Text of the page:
Ultimately, future interpretations of global patterns of N cycling will depend strongly on understanding the mechanisms that drive global relationships between clay content, soil C concentrations and soil organic matter δ15N. From these relationships, we hypothesized that global patterns of soil δ15N may reflect the degree to which soil organic matter has been enriched in 15N by microbial processing and protected by mineral association. This would parallel the δ15N of soil organic matter consistently increasing with depth across soils globally25, which can be attributed to greater degrees of processing of soil organic matter at depth35,36,37. Recognizing the influence of the degree of microbial processing and protection on soil δ15N may potentially alter assumptions that soil δ15N scales positively with the proportion of N lost via gaseous processes, which has been central to estimates of global denitrification and N2-fixation9,38. Clarifying whether such assumptions are valid is critical. In addition, global patterns of soil δ15N need to be rectified with global patterns of plant δ15N. For example, it is poorly understood how the relatively high tissue δ15N of plants in hot, dry places12 relates to our finding that high soil δ15N in these locations is best explained by a high degree of decomposition and protection of organic matter. More research is also needed to understand the mechanisms that explain the different inflection points in plant and soil δ15N relationships with mean annual temperature, as well as why plants are generally depleted in 15N relative to soils12. With geographic gradients able to provide a surrogate for future climates39,40,41, interpretations of global patterns of soil δ15N will factor prominently in predicting changes in patterns of gaseous N flux to the atmosphere in response to changes in the Earth-climate system.


Data on soil δ15N were acquired from the literature and by contacting individual researchers known to have collected soil nitrogen isotope data in the past. For each soil, we collected data on geographic coordinates with climate data taken from the original source or 50-year climatic means (1950–2000) were acquired from WorldClim42. For each soil sample, we recorded soil depth, soil δ15N and where possible [C], [N], ratio of C to N on a mass basis and soil texture (percentages of sand, silt and clay). Due to correlations among soil texture categories, only clay concentrations are included in models here.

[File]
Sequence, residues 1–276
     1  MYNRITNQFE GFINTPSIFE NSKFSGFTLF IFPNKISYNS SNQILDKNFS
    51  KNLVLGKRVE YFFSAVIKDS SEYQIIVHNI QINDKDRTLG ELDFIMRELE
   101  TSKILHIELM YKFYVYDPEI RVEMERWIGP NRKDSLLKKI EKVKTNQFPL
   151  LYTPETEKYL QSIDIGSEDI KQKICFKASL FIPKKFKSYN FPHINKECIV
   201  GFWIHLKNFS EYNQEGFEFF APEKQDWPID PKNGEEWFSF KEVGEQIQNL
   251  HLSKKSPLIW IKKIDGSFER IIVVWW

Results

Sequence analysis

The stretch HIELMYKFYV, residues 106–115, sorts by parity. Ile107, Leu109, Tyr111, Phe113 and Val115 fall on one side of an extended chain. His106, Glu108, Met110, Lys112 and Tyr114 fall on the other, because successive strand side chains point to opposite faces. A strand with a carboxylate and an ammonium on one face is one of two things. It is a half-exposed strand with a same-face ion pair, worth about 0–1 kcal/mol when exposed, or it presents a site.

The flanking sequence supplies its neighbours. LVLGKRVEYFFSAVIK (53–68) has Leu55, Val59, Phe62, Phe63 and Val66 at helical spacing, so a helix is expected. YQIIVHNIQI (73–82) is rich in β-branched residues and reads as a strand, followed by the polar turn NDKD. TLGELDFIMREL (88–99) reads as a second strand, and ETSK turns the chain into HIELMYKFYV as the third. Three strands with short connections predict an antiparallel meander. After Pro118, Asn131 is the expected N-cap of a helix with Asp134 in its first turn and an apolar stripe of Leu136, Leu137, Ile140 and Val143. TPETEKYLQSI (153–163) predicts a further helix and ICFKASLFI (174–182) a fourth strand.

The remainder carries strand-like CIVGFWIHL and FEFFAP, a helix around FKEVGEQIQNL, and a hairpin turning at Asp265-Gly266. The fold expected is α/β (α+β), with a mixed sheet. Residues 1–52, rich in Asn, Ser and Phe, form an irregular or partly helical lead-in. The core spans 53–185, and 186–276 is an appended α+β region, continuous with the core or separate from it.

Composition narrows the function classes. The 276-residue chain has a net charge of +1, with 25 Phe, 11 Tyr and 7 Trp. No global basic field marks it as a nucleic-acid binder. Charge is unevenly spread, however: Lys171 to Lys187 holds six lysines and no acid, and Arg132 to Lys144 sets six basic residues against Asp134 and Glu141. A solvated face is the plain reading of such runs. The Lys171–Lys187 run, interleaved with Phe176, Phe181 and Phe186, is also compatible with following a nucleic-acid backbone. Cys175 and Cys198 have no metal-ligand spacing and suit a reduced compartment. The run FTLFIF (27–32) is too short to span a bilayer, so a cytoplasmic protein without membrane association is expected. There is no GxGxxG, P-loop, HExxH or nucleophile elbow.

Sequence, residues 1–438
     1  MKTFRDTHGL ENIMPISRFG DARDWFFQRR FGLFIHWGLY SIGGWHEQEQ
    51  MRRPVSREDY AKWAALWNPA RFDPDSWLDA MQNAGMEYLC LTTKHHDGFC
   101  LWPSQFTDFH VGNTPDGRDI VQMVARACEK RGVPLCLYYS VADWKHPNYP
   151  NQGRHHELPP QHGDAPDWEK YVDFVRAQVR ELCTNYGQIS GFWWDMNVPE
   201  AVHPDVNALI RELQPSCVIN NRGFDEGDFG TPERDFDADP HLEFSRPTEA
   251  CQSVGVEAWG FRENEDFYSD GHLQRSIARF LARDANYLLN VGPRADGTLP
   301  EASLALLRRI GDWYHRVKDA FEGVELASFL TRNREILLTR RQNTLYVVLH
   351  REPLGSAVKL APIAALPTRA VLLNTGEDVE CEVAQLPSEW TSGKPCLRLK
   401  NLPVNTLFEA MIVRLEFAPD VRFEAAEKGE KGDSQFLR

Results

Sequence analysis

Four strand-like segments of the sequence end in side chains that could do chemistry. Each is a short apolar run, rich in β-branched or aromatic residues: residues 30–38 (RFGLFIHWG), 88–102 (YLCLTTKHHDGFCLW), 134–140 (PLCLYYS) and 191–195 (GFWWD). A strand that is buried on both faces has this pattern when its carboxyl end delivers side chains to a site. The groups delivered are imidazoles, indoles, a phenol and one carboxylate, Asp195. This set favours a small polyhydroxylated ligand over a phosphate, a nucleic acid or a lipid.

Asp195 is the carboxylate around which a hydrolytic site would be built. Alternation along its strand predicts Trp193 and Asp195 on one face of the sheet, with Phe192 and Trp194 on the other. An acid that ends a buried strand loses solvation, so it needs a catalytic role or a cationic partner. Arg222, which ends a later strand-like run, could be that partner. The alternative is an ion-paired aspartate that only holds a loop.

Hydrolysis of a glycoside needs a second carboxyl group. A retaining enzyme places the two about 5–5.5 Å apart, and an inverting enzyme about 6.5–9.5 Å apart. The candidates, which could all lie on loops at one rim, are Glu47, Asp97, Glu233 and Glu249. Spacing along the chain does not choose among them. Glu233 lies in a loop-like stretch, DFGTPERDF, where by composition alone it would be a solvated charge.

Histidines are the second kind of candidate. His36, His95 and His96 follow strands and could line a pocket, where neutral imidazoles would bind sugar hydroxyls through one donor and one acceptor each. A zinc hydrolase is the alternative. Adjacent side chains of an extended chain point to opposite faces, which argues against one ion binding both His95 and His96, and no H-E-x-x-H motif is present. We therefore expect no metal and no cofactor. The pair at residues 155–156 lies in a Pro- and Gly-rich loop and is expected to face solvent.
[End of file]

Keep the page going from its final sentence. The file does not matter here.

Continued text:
Only soils considered by the authors as mineral soils (no litter or O horizons) with depths that averaged <30 cm were included in the main synthesis. Select permafrost samples from below this zone were also included, in order to improve the representation of cold sites as there should be little further processing of soil organic matter once frozen. Subsequent analyses also examined patterns across mineral and organic soil horizons. Soils that were under crops were not included in the synthesis.

To reduce over-representation of individual sites, average soil δ15N were derived for each 0.1° latitude and longitude. Average soil δ15N was derived by calculating the average δ15N for each soil depth and then weighting the average soil δ15N by N content if multiple depths were measured. To examine relationships between soil δ15N and climate, a non-linear model was used to predict soil δ15N with MAT, log-transformed MAP and average soil depth, which included an independently-fit breakpoint for the relationship between MAT and soil δ15N12. Subsequent models were used to predict the residuals of the relationship between soil δ15N and [C]. A structural equation model (SEM)43 was used to test the relative importance of direct vs. indirect linkages between climate and soil δ15N. A non-hierarchical model was first developed and then downward stepwise selection was used to generate a hierarchical model that included only significant paths. SEM statistics were calculated in IBM SPSS AMOS version (AMOS Development Corp. Meadville, Pennsylvania, USA). All other statistics were computed in JMP 10.0.2 (SAS Institute, Cary, North Carolina, USA).